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Saudi rift feared with death of king
Toronto Globe and Mail


August 03, 2005

World leaders converged on Riyadh for Tuesday's funeral of King Fahd of Saudi Arabia as oil prices rose to record levels amid concerns over the political future of the world's largest petroleum exporter and the impact of the royal succession on stability in the Middle East.

King Fahd, who for 23 years led his desert kingdom on a tightrope walk between promoting conservative Islam and courting friendship with the West, died Monday and was immediately succeeded by his half-brother Abdullah.

King Abdullah has been the country's de facto ruler since King Fahd suffered a debilitating stroke in 1995. King Fahd, whose death has been expected since he was rushed to hospital in May, was believed to have been 82. Abdullah is 81. Both are sons of King Abdul-Aziz, who founded modern Saudi Arabia in 1932.

King Abdullah is expected to maintain his brother's policy of cautious reform while fighting the al Qaeda-inspired terrorism that has plagued the kingdom for the past two years. Yet despite signs of a smooth transition, oil markets are clearly worried about generational issues involving the Saudi throne and the impact of divisions within the royal family between reformers and conservatives.

Crude oil rose to a record $62.30 a barrel after the death of King Fahd heightened concern about the stability of the world's largest oil exporter.

The price of U.S. light sweet crude oil jumped $1.73 to $62.30 a barrel Monday before closing up $1 or 1.7 per cent at $61.57 on the New York Mercantile Exchange.

Texas oil consultant William Edwards figured the bump resulted from "spookiness or opportunism by traders," but wasn't worried about a long-term impact. "I don't see any reason to expect added uncertainty because of this."

Other analysts are more concerned. There is a split between the reform-minded King Abdullah and his conservative half-brothers, Prince Sultan, the Defense Minister, and Prince Naif, the Interior Minister.

"The question now is whether the schism within the royal family will come to a head," Mai Yamani, research fellow at the Royal Institute for International Affairs in London, said in an interview.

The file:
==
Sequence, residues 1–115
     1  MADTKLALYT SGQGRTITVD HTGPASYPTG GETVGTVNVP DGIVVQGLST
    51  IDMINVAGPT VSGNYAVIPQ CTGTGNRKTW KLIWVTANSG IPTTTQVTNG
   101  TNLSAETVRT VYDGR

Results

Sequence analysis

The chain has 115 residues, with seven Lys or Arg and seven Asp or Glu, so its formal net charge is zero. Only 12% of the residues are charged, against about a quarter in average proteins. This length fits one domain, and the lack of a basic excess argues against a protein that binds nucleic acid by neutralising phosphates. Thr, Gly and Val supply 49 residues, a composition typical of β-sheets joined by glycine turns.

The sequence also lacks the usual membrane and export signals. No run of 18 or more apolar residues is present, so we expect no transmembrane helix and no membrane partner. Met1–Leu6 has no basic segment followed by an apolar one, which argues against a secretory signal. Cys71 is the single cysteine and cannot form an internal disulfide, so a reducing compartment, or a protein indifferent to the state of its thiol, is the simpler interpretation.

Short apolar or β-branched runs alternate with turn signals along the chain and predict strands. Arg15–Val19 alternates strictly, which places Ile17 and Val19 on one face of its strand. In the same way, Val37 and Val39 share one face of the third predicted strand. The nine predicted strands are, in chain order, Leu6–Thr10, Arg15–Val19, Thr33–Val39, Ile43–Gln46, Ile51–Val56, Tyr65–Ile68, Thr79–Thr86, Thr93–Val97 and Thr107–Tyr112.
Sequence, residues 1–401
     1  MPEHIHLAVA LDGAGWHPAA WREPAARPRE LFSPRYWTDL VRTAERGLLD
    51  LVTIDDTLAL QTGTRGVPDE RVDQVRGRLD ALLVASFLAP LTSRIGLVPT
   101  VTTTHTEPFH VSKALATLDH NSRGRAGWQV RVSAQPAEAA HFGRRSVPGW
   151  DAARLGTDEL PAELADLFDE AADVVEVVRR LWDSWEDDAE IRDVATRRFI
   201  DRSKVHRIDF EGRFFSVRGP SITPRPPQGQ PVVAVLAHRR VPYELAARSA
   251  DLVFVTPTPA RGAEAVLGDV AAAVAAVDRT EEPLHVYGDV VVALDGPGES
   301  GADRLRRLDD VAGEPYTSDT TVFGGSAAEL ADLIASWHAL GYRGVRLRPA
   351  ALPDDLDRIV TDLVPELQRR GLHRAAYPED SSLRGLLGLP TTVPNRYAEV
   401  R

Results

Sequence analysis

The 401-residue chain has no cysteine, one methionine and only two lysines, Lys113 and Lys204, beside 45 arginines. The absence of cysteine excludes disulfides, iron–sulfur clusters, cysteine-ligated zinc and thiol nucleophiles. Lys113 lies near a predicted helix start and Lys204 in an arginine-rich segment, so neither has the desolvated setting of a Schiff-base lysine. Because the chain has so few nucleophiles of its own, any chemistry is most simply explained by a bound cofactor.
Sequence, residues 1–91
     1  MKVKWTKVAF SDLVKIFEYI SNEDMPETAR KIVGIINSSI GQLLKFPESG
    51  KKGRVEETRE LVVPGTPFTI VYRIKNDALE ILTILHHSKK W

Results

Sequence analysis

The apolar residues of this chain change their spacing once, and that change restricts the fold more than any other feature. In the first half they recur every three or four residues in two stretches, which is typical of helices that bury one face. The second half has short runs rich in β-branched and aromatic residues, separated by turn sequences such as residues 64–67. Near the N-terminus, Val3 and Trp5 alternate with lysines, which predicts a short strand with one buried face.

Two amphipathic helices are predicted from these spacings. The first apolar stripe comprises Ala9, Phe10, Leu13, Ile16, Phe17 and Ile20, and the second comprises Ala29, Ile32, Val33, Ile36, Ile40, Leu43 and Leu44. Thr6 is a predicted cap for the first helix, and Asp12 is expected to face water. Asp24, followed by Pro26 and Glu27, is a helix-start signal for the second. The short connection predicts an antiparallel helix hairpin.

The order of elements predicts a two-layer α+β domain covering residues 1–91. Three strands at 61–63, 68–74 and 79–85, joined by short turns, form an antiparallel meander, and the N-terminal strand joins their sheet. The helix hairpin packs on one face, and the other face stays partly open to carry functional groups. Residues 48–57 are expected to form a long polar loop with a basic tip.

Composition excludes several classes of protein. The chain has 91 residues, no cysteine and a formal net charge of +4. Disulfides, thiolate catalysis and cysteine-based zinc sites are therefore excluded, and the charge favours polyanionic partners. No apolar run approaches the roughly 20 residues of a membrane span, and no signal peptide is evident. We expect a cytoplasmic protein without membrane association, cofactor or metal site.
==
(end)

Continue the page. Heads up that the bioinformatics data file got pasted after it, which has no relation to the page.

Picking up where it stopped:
Despite apparently stormy relations with King Abdullah, Prince Sultan was immediately appointed Crown Prince, which indicates that the succession in the secretive family has been determined but gives no hint as to where the kingdom's policies will head in the short term.

And King Abdullah's accession leaves open the future of Saudi Arabia when the dynasty moves to the next generation of Western-educated princes who have been jockeying for influence.

Prince Bandar, the son of Prince Sultan, recently returned to Saudi Arabia after more than 20 years as the kingdom's influential ambassador to Washington.

Some say he returned home in an effort to grab a job in the new government.

His cousin, Prince Turki al-Faisal, who is designated to succeed Bandar in Washington, is also believed to be ambitious. He was previously head of Saudi intelligence and the kingdom's chief intermediary with the Taliban in Afghanistan before the regime's collapse.

Asked what changes will result from King Abdullah's accession, Joseph Kechichian, a Mideast consultant and author of a study on the Saudi royal succession, responded succinctly, "None whatsoever."

For the past 50 years, people have been predicting the imminent collapse of the Saudi royal family, but in fact the transitions have been largely smooth and uneventful.

"Indications are that very little will change in the foreseeable future," he said. "The Saudis are consistent people. They hold on to their traditions over several hundred years and there is nothing to indicate that there will be a break with the past."

During the past 10 years, Abdullah has won praise in the West for cracking down on Islamic militants after a May 2003, attack on Westerners living in Riyadh. He also led the country into a limited experiment with democracy: municipal elections that were held earlier this year. Women, however, were not allowed to vote.

Wajeha al-Huwaider, an independent-minded woman journalist who has been banned from publishing in Saudi newspapers for the past two years, is hoping that Abdullah's ascension to the throne will revive stalled reform measures.

"The people are with him," she said. "We always look at Abdullah as a father. He has a good heart. He is a down-to-earth person and is really close to people."

"We need real things to happen," al-Huwaider said in an interview from Bahrain, where she now lives with her family.


Distributed by Scripps Howard News Service,

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